I thought it would be helpful between now and the end of December to share some tips for making the holidays happy and meaningful.
Ultimately, if you’re trying to cram “the holidays” and all that they entail and cost into only a few weeks, you’ll wind up robbing those around you of joy instead of giving it to them. This goes double with kids, whose expectations and wishes can be unmatchable. This year, commit to prioritizing and planning purposefully, and start early.
Last week, I shared some time management tips to help you get through the holiday season with a solid game plan in place. This week, I’ve got a few general tips that touch on making the holidays more meaningful for kids and family:
1. Give your kids a memorable experience. Instead of showering them with a pile of this year’s “it” clothes, toys, and electronics (which, let’s face it, will probably be collecting dust by the end of the school year), give your kids the gift of a meaningful experience. Chances are, your family will remember an event that reinforces values and makes them feel special. (More next week on how to do this!)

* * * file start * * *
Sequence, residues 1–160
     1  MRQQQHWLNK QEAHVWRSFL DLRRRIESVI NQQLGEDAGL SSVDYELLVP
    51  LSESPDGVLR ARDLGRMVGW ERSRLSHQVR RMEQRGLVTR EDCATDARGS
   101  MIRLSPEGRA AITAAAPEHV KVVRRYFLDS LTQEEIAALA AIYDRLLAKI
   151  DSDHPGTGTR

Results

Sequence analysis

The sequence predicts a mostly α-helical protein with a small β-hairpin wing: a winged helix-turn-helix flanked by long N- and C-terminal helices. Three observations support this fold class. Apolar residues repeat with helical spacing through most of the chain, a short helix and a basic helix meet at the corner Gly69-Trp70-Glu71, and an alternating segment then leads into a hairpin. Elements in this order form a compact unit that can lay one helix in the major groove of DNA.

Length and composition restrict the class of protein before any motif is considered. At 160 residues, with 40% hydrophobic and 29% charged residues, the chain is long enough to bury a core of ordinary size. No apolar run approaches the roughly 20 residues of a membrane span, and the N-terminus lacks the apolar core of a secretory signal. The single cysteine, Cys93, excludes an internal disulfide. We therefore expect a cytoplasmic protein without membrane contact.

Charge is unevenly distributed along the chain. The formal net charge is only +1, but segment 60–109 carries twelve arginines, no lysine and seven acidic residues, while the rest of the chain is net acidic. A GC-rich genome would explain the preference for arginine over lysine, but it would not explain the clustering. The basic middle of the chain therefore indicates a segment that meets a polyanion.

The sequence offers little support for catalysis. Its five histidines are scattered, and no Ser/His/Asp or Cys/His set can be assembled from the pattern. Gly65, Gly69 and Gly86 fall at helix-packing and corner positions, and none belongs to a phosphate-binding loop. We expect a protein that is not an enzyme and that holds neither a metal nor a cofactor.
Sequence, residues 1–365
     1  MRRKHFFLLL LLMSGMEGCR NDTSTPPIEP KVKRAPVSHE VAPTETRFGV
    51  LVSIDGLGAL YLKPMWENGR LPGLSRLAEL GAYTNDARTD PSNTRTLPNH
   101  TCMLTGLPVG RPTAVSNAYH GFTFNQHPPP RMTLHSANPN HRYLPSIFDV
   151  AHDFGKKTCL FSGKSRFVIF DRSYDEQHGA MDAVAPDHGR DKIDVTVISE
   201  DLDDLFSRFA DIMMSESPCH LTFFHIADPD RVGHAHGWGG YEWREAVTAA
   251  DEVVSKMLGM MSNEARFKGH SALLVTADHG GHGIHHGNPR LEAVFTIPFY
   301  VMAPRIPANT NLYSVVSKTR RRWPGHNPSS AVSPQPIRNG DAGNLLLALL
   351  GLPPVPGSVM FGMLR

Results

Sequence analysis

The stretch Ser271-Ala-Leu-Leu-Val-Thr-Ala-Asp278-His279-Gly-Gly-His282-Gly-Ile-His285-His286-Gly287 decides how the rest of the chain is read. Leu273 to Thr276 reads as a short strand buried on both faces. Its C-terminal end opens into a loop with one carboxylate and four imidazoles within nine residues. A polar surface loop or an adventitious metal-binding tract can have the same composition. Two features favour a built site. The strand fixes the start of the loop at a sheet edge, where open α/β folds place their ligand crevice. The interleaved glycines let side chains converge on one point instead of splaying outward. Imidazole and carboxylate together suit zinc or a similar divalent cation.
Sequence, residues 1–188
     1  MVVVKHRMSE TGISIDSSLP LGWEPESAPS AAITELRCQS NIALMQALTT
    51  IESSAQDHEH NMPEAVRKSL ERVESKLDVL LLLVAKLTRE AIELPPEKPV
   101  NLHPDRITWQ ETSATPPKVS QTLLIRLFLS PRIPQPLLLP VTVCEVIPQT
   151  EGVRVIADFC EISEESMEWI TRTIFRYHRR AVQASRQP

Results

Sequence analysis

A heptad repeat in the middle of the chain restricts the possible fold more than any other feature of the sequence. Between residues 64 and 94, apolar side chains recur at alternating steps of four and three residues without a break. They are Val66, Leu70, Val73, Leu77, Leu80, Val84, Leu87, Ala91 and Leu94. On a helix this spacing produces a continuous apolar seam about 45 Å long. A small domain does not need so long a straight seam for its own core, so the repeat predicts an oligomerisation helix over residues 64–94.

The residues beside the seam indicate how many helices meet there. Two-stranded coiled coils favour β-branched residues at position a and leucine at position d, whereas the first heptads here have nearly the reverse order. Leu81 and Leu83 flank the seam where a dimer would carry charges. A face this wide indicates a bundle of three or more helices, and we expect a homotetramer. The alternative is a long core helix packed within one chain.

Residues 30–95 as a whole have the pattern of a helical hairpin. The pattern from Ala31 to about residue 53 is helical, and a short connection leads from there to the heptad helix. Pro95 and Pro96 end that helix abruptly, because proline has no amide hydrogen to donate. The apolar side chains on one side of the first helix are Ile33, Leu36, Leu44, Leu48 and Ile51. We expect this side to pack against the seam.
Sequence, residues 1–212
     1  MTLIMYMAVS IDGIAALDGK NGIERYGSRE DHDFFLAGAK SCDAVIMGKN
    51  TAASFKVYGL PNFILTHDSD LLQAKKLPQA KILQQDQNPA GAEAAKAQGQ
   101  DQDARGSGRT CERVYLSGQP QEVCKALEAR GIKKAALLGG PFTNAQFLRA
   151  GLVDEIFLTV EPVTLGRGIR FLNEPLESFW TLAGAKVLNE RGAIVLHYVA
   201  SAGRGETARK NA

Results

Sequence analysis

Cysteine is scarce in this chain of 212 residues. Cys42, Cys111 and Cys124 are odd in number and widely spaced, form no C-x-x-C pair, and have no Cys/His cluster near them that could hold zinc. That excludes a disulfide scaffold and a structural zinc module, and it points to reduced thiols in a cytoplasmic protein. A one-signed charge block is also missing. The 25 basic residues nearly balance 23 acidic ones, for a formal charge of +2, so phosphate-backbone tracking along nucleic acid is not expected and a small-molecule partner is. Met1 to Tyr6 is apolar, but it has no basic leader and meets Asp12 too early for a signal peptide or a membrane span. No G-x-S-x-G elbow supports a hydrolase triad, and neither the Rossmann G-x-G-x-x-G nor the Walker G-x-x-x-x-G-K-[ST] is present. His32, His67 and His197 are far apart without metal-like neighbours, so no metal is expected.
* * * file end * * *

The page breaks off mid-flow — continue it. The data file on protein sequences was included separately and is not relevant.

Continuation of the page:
2. Don’t overstimulate your kids. These days, the typical kid has more than just visions of sugarplums dancing in his head. He’s thinking about toys, movies, video games, vacations, and food…and that’s just for starters. Yes, the holidays are an extravaganza for all five senses, but by regulating what and how much your children receive and do, you’ll be doing them a favor. Their attention will be more focused, and they’ll be more likely to understand and remember special moments.
3. Follow a tradition. It’s amazing how much kids value and remember family traditions. Unlike anything else, they’re a source of fun, they strengthen family bonds, and they form a meaningful link to the past. Whether you’re baking cookies, watching a favorite holiday movie, or piling into the car to look at neighborhood lights, don’t underestimate the value of time spent together, enjoying each other’s company.